Saturday, June 6, 2015


Borders bore me.  They must be done but I am always amazed at how long it takes to sew them. 

I considered piecing a border for the SWRQ to accent the blocks.  Yesterday I even constructed a sample block to see how it would go.  Sure it would have meade the quilt a lot more interesting.  Maybe.  I considered how I would quilt a pieced border and decided that straight borders would be best.

In order to have a nice drop at the edge of the bed, I wanted to add 12 inches to each side.  Twelve inches is a whole lot of negative space.  Sure I could add interest with quilting.  I am not confident enough to tackle that.

Instead I decided to divide up the twelve inches with a one inch strip of the darker blue.  Sounds simple enough.  Two six in strips with a one inch strip in the middle.  Not so.

In the past I have cut my strips to the correct width and just added them on the each side, trimmed them off and added the border top and bottom.  This time I followed the directions from my One Block wonder book. 

She measures the center of her quilt tops, cuts the border that length and stitches them to fit.  If the edge of the quilt is a bit longer, she eases the border to fit.

That worked well for the first two borders.  I went back to the 201-1D for the long seams.  The machine is so quiet and sews so straight.  The 301 is FAST but the 201 is straighter.  I am thinking that the 301 needs some feed dog adjustment  It certainly needs some motor lube  It is starting to whine, just occasionally.

I had had enough of horsing the quilt around.  It was getting bigger and bigger with each border addition. 

For the last two borders,  I measured the center of the quilt and sewed the two borders to each
other before sewing to the quilt.  That worked great for the sides.  (I did pin this before stitching)
But something happened when I cut the top and bottom border.  I was off by an inch.

Looking back, I see that I measured correctly.  You might not be able to see in this photo, but the measurement is supposedly 42.5 ( the quilt edge starts at 1 inch on the dumb end).  Forty two and one half times two equals eight five.  I made my top and bottom border pieces eighty five.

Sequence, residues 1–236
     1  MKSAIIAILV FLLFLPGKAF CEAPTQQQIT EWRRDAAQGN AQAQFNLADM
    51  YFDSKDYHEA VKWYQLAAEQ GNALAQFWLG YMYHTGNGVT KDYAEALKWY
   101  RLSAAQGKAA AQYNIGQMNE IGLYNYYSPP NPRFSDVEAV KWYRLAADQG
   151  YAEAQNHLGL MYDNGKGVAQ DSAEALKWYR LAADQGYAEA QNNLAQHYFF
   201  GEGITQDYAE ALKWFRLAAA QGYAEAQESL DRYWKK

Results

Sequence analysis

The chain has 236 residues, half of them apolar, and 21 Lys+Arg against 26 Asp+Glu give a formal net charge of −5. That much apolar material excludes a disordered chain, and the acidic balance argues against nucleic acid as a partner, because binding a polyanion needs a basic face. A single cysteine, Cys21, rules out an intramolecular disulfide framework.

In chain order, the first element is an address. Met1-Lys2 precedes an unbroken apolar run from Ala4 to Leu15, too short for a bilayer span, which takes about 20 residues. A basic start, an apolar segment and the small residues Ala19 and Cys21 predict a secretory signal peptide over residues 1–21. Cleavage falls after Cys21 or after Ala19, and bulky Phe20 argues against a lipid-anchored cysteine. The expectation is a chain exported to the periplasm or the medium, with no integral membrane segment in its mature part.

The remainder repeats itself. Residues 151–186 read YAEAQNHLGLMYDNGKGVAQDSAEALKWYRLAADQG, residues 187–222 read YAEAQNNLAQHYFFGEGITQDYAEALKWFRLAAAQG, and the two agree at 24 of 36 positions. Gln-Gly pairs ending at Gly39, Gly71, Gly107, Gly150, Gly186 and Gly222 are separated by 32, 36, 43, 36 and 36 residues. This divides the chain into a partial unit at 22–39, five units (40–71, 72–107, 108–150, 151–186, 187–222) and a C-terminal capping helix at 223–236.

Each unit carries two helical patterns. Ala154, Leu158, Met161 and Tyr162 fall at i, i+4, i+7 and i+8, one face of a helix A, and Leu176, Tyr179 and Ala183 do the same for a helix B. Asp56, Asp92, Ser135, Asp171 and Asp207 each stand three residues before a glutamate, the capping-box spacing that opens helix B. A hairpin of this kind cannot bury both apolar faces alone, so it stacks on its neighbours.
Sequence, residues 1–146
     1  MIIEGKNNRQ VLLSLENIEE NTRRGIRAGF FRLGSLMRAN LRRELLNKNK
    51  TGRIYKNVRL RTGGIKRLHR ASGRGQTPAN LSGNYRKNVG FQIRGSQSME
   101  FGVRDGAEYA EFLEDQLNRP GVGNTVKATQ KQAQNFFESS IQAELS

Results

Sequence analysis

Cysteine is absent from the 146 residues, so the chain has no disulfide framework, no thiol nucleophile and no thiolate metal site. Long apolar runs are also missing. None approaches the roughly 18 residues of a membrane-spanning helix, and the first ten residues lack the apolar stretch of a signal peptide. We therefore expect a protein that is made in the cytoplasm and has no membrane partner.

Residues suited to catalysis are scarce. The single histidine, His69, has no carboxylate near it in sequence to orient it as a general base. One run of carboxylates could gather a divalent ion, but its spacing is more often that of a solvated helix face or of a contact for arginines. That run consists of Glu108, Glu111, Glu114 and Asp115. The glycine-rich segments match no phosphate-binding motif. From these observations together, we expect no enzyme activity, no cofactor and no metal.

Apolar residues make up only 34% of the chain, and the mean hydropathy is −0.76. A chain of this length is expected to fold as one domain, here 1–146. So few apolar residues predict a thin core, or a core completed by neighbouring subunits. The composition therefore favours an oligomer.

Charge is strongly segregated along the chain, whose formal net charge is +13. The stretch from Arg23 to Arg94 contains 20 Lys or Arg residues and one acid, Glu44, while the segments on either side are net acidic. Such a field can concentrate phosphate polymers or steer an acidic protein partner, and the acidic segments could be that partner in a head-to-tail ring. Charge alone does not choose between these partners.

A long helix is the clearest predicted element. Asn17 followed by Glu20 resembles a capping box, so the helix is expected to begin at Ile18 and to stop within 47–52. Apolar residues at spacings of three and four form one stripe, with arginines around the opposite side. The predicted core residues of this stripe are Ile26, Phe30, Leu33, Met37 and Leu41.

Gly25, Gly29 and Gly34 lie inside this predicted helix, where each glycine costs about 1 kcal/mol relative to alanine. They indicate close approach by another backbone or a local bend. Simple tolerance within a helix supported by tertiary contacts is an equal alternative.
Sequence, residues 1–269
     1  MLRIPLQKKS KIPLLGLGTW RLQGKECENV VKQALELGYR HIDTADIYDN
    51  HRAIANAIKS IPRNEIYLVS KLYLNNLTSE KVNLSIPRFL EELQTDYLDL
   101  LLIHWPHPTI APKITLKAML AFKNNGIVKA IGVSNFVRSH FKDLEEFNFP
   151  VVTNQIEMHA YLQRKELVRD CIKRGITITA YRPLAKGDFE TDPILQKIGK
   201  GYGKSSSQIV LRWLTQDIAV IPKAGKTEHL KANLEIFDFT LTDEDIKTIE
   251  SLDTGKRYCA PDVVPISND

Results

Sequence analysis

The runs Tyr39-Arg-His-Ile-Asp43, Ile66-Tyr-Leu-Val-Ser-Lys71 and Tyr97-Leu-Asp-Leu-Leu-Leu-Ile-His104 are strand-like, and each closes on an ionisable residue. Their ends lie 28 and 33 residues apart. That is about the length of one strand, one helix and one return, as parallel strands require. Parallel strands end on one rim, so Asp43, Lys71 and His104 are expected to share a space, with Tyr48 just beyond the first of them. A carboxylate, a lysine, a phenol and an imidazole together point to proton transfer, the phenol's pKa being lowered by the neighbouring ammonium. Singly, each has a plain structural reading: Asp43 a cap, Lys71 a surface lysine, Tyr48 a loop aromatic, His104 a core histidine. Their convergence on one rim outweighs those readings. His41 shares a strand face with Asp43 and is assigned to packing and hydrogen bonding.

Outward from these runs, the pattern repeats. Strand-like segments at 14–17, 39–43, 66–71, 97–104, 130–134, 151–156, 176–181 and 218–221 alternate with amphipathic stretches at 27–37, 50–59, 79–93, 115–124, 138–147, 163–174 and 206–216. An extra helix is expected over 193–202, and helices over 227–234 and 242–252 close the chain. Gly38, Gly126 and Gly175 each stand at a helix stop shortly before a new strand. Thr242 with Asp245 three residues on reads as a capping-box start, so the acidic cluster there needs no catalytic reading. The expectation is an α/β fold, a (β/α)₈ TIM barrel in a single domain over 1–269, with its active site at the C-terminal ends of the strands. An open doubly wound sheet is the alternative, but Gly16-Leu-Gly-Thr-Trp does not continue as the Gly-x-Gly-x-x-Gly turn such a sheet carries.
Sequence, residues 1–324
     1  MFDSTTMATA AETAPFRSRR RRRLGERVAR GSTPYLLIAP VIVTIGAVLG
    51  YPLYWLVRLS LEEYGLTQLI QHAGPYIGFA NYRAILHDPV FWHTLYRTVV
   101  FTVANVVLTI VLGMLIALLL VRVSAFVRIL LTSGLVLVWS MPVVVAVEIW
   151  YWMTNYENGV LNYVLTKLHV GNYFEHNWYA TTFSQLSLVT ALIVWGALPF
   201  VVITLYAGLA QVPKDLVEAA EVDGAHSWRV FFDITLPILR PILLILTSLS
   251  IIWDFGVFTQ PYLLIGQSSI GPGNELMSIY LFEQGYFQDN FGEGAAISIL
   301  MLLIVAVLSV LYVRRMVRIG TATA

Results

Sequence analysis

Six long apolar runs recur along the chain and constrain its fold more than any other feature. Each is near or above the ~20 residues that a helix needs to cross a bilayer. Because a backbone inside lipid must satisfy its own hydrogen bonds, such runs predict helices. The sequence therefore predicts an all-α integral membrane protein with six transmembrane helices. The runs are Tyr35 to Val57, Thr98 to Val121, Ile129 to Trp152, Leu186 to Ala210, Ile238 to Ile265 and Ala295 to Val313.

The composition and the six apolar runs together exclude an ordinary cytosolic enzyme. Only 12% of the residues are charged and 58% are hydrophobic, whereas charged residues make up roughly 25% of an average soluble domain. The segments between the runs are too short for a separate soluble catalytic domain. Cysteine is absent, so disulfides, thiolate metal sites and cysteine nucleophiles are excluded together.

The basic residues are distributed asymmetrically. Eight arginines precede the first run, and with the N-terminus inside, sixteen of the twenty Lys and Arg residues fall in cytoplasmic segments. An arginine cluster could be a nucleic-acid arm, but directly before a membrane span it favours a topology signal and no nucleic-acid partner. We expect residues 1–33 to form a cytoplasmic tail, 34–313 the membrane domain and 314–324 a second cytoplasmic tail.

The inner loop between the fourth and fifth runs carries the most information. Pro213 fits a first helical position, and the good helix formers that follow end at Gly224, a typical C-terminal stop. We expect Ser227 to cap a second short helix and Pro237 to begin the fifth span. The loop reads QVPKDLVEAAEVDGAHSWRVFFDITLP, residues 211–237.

I could not make them fit.  An inch is just too much to fudge.  The borders are cut on the straight grain so there is no give. I think, likely, that there was too much room for error by the time the quilt got this big.

 I fixed it by making a square in each corner.

 It took an additional hour but I like the look.  It will look just fine draping at the corner of the bed.  You can't really see it here but you can see the one inch strip.  I think it is less boring that twelve inches of the light green.  I am less intimidated by the narrow strips when I consider the quilting design 
I am pleased to be finished with the quilt top.  I truly would like to piece a bit of the back.  I might try to make a couple of the blocks with the dark blue and the backing fabric.  I won't position them opposite the top blocks.  That would be too much bulk.  But one or two strategically placed on the back might be nice.  Plus I could practice my HST piecing. 

One more thing.  In my quest for the perfect ergonomic cutter, I found the Martelli.   Linda had mentioned it. I bought one.   I rather like it. 
I am able to use it comfortably with my wrist brace.
It doesn't require a special ruler as does the Grace Rotary cutter.

There is a left handed one too.  I think I might just get one of those, too.


  1. I have found someone who detests making and sewing on borders as much as I do. I have at least three quilts that are only lacking the borders to be called a completed top.The borders have even been cut. You have also found the one big drawback to cutting borders with the lengthwise straight of grain. Absolutely no give. Although I think I could probably have eased in one inch across 85 inches. Still, your solution worked out great. Nice looking quilt. Now let's see what the quilting adds.

    1. Yeah, I think you are right. I probably could have eased it in. The rest of them fit so nicely, I was sure that I had made a mistake. I think I actually wanted to make that little square at the corners. More interest.

  2. Certainly am glad you like the Martelli. I use it all the time now, much less shoulder issues for me. Pushing down is better than cutting like a pizza. Like the corners. I don't like plain borders. I would rather see blocks or shapes. Nice job!

  3. It's going to be a lovely quilt. I had never heard of the Martelli, will have to take a look. Nothing I love more than a new gadget. Unless it is a new (vintage) sewing machine. Or chocolate.

    1. Each time I use the Martelli, I like it better. I still need my stick cutter for finer stuff, like trimming.